Review of 2012: Charting the year’s extreme weather

As 2012 draws to a close we take a look at some of the events that marked the year. For many it will be the year’s extreme weather that will stick in the memory. 

This year’s weather extremes, from drought to flooding, were unprecedented, say climatologists.

The drought in England this spring, which saw hosepipe bans across many southern counties, was followed by the wettest April to June on record for the UK.

Flooding hit almost every region from May to July, ruining the harvest hopes for many farmers and adding to the busy workload.

Harvest 2012 will go down as one of the latest on record, with most farmers finishing two weeks later than normal.

Record-breaking wet weather resulted in shrivelled grain and low bushel weights. Poor crop yields meant productivity was down to 1980s levels, the NFU said.

A survey of NFU arable growers found mixed yields across all main crops after a summer of persistent and occasionally torrential rain. Winter wheat was badly affected, down 14.1% on the five-year average from 7.8t/ha to 6.7t/ha.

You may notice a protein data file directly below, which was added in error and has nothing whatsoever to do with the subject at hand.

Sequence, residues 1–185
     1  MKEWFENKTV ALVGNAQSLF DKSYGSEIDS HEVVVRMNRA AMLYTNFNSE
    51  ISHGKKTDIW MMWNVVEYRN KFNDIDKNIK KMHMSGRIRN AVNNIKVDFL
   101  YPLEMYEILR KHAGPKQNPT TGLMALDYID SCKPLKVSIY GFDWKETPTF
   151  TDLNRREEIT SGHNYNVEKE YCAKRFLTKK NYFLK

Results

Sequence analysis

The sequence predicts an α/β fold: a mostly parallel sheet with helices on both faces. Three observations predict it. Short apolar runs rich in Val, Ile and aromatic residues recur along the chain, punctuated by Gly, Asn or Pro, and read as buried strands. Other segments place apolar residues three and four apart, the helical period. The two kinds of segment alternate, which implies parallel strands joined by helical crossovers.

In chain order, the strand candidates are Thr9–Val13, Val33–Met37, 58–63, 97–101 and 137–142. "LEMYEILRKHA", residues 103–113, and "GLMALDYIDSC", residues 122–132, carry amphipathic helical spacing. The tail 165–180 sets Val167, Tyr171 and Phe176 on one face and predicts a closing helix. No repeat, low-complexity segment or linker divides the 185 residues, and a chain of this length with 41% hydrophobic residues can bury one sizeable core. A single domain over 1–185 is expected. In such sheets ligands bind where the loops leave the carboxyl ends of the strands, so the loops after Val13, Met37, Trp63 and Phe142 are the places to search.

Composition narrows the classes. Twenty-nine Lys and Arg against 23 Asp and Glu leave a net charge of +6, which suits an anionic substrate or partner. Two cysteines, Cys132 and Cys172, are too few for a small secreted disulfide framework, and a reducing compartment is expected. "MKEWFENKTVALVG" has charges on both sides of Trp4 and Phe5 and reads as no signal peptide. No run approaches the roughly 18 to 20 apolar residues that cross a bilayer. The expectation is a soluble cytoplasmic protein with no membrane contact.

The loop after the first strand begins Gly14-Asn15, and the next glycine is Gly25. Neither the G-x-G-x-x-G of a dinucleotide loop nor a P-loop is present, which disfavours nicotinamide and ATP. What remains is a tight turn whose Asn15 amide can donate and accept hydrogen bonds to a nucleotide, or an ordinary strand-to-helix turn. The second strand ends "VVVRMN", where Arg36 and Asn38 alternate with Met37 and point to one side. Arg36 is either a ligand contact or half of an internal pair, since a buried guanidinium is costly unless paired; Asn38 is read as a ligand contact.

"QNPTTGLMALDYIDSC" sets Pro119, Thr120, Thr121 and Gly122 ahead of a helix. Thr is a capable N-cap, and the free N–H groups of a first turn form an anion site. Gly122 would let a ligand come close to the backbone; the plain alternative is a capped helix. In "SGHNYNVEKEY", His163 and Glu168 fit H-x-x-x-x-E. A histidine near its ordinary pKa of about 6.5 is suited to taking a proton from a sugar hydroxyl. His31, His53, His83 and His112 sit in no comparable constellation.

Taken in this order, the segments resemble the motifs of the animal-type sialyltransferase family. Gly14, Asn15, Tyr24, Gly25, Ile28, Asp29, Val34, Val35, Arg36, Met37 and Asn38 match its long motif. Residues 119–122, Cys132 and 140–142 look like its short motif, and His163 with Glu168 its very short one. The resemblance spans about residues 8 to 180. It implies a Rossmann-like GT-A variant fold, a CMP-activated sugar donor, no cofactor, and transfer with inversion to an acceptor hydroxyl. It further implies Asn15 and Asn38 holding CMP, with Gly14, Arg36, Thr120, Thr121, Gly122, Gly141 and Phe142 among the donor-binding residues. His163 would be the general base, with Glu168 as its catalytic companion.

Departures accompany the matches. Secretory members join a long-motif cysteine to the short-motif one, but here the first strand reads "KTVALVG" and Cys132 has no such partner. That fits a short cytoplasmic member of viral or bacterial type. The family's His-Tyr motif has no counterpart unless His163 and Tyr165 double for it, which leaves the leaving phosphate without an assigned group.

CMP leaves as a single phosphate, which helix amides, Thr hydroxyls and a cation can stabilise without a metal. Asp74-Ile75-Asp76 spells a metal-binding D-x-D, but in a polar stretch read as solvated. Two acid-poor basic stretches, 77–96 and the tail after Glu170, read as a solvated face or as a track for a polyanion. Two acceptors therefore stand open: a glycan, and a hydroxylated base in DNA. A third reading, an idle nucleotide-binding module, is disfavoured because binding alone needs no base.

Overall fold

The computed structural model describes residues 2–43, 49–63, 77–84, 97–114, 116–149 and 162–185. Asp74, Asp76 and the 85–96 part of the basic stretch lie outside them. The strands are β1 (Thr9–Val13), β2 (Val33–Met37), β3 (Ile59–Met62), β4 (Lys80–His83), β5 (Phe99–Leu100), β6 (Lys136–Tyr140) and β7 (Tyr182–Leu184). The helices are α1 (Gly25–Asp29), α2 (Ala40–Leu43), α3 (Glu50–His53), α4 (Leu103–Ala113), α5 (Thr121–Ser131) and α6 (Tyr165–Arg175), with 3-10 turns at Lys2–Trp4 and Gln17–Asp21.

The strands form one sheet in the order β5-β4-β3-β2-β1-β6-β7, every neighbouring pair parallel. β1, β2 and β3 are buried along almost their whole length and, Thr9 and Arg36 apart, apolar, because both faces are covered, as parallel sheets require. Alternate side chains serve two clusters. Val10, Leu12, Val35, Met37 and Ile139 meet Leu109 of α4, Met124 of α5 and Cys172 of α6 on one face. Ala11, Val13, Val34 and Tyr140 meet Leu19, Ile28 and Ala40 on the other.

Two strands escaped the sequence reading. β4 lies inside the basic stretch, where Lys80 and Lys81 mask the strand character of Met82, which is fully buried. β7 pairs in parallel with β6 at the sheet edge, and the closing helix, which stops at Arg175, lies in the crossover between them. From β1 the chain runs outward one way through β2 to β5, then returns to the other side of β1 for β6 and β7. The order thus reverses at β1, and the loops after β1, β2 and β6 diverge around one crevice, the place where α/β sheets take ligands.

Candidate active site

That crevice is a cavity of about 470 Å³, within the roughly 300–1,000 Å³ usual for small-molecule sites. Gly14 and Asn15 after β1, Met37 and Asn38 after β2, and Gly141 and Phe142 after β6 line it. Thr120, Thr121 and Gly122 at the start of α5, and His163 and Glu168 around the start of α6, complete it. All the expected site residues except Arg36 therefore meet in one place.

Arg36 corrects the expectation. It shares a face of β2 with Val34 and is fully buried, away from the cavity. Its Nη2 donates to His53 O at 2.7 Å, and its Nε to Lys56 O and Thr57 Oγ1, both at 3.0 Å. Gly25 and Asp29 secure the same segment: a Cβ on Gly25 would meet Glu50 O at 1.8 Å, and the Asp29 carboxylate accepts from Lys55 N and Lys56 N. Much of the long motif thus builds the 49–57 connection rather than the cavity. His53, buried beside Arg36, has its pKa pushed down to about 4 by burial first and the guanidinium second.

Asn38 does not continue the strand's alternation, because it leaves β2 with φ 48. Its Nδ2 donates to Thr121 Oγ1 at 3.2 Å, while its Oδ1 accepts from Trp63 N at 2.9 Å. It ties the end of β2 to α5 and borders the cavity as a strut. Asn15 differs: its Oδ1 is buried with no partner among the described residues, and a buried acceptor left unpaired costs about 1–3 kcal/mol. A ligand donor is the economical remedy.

NFU chief combinable crops adviser Guy Gagen said the 2012 harvest was one “many would want to forget”.

The poor weather also wreaked havoc on livestock farms, devastating fodder crops and forcing farmers to buy in grain for feed.

Farmers looking for breaks in the weather to complete winter cereal planting saw little joy. The UK’s second wettest summer in 100 years, according to the Met Office, gave way to the wettest start to autumn for 12 years.

A wet October and November meant many growers abandoned plans to drill autumn cereal crops and turned their attention towards securing enough spring seed.

University of East Anglia climatologist Clare Goodess warned farmers to “adapt to changes in weather extremes over the coming years”.

More on this topic

See our interactive weather map